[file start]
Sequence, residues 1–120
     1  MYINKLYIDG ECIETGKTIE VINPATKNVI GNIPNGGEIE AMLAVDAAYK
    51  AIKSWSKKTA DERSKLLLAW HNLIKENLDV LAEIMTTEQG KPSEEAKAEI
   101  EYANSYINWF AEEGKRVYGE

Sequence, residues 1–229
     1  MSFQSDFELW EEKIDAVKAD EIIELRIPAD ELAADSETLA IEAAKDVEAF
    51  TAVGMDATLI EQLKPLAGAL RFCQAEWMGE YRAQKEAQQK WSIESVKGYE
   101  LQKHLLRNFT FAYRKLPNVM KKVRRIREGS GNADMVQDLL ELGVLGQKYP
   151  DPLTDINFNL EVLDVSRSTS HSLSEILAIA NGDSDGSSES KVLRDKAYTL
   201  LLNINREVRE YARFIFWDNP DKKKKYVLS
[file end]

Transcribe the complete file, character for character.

Sequence, residues 1–120
     1  MYINKLYIDG ECIETGKTIE VINPATKNVI GNIPNGGEIE AMLAVDAAYK
    51  AIKSWSKKTA DERSKLLLAW HNLIKENLDV LAEIMTTEQG KPSEEAKAEI
   101  EYANSYINWF AEEGKRVYGE

Sequence, residues 1–229
     1  MSFQSDFELW EEKIDAVKAD EIIELRIPAD ELAADSETLA IEAAKDVEAF
    51  TAVGMDATLI EQLKPLAGAL RFCQAEWMGE YRAQKEAQQK WSIESVKGYE
   101  LQKHLLRNFT FAYRKLPNVM KKVRRIREGS GNADMVQDLL ELGVLGQKYP
   151  DPLTDINFNL EVLDVSRSTS HSLSEILAIA NGDSDGSSES KVLRDKAYTL
   201  LLNINREVRE YARFIFWDNP DKKKKYVLS